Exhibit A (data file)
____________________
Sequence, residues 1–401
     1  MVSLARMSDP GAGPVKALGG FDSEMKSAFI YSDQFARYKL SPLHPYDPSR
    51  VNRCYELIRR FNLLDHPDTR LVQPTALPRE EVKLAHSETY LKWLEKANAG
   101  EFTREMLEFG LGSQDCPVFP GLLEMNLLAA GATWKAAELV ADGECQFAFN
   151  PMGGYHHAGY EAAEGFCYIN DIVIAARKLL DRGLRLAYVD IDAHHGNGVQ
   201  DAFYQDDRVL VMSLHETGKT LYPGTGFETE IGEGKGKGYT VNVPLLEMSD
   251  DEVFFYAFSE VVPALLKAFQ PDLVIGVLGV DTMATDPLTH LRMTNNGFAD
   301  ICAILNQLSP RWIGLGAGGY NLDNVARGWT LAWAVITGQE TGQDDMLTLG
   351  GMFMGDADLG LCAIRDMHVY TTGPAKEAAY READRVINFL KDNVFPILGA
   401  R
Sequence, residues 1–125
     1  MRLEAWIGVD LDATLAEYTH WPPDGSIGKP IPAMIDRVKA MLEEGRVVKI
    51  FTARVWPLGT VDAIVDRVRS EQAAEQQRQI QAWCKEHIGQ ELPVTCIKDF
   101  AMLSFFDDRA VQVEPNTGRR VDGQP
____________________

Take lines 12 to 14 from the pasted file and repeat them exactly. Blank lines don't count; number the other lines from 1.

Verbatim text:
     1  MRLEAWIGVD LDATLAEYTH WPPDGSIGKP IPAMIDRVKA MLEEGRVVKI
    51  FTARVWPLGT VDAIVDRVRS EQAAEQQRQI QAWCKEHIGQ ELPVTCIKDF
   101  AMLSFFDDRA VQVEPNTGRR VDGQP